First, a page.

I agree, Jack, but the MSM is still the MSM. They now use Social Media as a conduit to amplify their positons. The censorship techniques employed by Social Media are the same techniques the MSM has used for decades. Primarily, suppress/demonize dissent. Your dissenting opinion is not seen or heard, only Beschloss’s 42,500 “Likes”.

    The “Crossing the Rubicon” moment occurred shortly after the 2016 presidential election when the New York Times essentially declared: We were not proactive enough in our efforts to defeat Donald Trump. Going forward, journalistic ETHICS be damned; we will use all available resources to ensure that failure does not happen again.

    It was a clarion call, and the majority of the MSM, along with their new allies, Social Media, took that call to heart. American media declared a “civil war” against non-progressive ideology and all those who oppose or question progressive policies.

    Four for years, despite being woefully outnumbered, Trump fought back using of all things, Twitter. His policies and successes proved effective and, in many cases, winning the “hearts and minds” of the American people. Then COVID hit and it opened a new front in the war. It allowed governmental agencies to double-down their “behind-the-lines” efforts to destroy Trump and his supporters. They succeeded. Beschloss and his ilk are now free to write or post this type of rubbish without fear of any recrimination.

    Caesar is now upon us.

  4. “When did formerly distinguished American Presidency historian Michael Beschloss turn into such a partisan, unethical hack?”

    Has anyone considered that Beschloss did not turn into a partisan unethical hack he is just now feeling emboldened to demonstrate his true colors. I would not be surprised if in his prior works he selected/focused on historical elements which made heroes out of the left and villains out of the right.

    Given his recent tweets, we might want to reevaluate the title he uses of Presidential Historian. There is a big difference between historians and PR flaks.

    • Indeed. Your comment is pretty much what I think, too. We aren’t seeing people becoming deranged. We are seeing what they’ve always been and just didn’t feel powerful enough to express. Now they do.

      Now for those like me who read history, I’ve developed a mantra:

      Read history.
      Read the preface and the introduction so you know where the author is going with it.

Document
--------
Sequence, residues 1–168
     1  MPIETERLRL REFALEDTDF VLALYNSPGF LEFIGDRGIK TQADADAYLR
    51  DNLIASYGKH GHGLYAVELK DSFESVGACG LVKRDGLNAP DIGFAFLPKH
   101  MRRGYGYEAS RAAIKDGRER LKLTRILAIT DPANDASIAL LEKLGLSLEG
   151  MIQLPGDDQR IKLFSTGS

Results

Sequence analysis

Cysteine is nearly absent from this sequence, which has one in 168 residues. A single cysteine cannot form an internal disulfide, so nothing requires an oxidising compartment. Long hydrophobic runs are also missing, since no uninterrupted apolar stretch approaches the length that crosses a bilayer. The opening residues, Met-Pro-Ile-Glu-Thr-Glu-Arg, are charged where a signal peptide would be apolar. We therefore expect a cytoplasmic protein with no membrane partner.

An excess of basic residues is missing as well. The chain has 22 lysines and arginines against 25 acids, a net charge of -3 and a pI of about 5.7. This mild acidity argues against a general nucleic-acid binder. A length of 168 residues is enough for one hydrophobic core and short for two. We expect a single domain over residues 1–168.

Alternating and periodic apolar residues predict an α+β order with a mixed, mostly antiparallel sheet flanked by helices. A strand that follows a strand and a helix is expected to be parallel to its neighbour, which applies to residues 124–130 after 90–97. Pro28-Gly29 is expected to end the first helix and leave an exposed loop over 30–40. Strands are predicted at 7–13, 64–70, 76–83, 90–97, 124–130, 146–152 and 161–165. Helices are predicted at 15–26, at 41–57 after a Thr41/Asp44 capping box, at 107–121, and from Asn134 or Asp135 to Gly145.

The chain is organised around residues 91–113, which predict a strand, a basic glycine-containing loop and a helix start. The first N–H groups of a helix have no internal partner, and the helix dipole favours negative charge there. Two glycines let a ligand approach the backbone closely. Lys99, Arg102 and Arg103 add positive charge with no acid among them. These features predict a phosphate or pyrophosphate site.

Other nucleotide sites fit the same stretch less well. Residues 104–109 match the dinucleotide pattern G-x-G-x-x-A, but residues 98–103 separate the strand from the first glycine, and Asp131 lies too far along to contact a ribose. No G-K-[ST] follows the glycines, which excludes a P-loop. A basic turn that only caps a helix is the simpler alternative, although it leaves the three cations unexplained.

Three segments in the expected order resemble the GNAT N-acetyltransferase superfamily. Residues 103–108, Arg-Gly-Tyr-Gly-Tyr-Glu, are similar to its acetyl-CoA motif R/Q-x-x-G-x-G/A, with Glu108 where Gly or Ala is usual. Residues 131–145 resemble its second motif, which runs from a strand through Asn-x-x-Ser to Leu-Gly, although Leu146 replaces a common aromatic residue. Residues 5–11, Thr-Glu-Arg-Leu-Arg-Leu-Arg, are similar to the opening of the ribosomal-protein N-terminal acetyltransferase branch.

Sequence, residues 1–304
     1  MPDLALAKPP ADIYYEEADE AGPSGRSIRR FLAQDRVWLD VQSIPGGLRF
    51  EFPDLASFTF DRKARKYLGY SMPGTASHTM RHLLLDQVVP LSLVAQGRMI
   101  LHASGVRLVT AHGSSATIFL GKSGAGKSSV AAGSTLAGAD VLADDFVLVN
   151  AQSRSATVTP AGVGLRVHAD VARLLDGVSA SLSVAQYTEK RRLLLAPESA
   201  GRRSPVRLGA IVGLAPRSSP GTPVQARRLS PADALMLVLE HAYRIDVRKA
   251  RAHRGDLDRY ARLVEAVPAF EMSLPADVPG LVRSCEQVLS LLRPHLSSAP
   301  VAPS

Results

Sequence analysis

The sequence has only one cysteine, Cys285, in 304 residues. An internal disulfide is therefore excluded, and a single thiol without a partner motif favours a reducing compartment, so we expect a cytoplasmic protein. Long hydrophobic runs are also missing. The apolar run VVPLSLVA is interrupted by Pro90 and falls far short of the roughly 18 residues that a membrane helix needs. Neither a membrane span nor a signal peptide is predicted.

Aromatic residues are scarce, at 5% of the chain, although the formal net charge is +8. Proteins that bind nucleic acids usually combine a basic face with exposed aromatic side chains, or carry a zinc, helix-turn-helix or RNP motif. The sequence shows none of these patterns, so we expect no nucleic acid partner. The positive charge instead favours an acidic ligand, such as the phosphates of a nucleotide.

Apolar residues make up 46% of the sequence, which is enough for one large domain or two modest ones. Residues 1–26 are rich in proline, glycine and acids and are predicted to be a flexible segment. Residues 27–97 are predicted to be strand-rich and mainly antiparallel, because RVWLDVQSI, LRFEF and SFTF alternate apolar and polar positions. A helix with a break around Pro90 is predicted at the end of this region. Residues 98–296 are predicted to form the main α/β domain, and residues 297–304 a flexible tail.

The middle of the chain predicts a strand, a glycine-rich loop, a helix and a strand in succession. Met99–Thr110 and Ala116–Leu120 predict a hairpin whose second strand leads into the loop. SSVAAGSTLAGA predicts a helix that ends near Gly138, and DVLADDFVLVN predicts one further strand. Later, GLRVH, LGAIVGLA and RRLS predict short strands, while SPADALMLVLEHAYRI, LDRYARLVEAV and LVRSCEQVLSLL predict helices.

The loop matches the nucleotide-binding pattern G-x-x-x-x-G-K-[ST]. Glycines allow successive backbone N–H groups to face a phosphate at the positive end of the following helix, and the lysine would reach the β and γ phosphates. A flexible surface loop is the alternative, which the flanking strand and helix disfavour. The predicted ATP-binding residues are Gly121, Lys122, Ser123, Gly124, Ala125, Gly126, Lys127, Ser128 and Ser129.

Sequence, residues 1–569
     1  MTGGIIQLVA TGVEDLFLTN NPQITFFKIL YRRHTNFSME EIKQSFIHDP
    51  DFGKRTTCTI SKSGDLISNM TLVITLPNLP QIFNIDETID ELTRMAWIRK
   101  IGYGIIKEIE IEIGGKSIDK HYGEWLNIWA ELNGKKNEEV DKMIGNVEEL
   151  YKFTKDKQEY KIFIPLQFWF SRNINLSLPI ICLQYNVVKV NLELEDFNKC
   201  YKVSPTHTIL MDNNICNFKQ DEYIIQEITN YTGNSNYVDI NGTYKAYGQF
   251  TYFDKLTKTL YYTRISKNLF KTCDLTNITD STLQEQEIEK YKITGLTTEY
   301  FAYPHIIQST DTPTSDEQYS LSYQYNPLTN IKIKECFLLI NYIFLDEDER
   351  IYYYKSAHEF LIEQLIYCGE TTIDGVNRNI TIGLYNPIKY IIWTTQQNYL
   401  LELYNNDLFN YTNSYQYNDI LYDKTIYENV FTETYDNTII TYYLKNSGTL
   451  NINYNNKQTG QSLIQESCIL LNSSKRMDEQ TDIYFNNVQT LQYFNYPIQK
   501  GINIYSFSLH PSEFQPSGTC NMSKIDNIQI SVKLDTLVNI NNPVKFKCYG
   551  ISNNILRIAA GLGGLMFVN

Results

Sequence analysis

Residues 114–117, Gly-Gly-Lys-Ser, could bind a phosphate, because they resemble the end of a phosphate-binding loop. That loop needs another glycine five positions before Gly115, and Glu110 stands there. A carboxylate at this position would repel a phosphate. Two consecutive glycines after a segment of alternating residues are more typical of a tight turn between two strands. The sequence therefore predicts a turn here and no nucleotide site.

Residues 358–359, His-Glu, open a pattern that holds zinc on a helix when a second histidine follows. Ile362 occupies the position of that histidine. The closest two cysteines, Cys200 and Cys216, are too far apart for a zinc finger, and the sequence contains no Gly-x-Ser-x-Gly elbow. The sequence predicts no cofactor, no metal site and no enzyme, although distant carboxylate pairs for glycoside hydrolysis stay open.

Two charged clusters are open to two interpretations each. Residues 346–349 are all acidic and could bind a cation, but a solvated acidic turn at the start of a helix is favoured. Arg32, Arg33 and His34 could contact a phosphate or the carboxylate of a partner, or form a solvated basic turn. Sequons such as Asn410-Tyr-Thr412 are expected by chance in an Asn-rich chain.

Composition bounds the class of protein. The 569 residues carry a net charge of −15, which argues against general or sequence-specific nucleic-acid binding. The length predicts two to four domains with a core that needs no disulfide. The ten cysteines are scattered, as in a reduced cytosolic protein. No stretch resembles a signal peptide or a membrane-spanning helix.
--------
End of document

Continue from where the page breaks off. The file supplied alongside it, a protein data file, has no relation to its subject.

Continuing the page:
Read history by authors you like and authors you don’t like. You can learn a lot from both.
      Read history about people you like and people you don’t like. You may change your mind. Or you may solidify your opinion.
      Read history written by authors who like the subject and who don’t like the subject. Identify their biases. Learn to recognize when authors are making rationalizations about people they like and when they are treating unfairly people they don’t.
      Read about history you know a lot about and what you know nothing about. New perspectives emerge sometimes.
      Read multiple history books about the same subject or person so you can form your own opinions.
      Read history so you can understand where we’ve been and where we could go.

  5. I admittedly did not hear the speech. Would I have stood?- I often do not stand at performances when others do so in adulation, because I was not as moved as the masses were. that is my right. I do not applaud pilots who land airplanes. I do not shout bravo for every singer that sings, I do not stand in awe for every canvas upon which paint has been distributed.

    The president of Ukraine, came to Congress to ask for more money. He did not give an account for the money he has already been given. The people of Ukraine are suffering we are told. But they suffered long before the Russians arrived. Is the cause of their suffering only the bombs being dropped or is there another source?

  6. “They” don’t owe “you” anything, you biased hack. How many times have you refused to explain yourself, I wonder? Until you can demonstrate you have never refused to explain yourself, you can take your demand for an explanation and stuff it up your ass.

  7. No one turns into “partisan, unethical hack”; such people merely expose themselves under the right conditions (say, when infected with TDS). You are either an ethical objective professional or not, period

  8. This rankles me. For a historian, he seems unaware of the history of compelled speech (which, apparently, he supports).

    The government official who made the mistake of being the first to stop applauding Stalin at a gathering.
    The father of German author Joachim Fest who ventured outside with no packages in his arms that would give him an excuse not to heil Hitler… and still didn’t heil Hitler.
    The unfortunate souls who were fooled by the fake news of Nero’s death and didn’t seem sufficiently sad.

    • Thanks for mentioning Stalin—I was going to in the post, and left it out. The fear of being seen as not applauding sufficiently when Stain appeared before Soviet leaders was so great that a special light was installed to signal that the clapping should stop.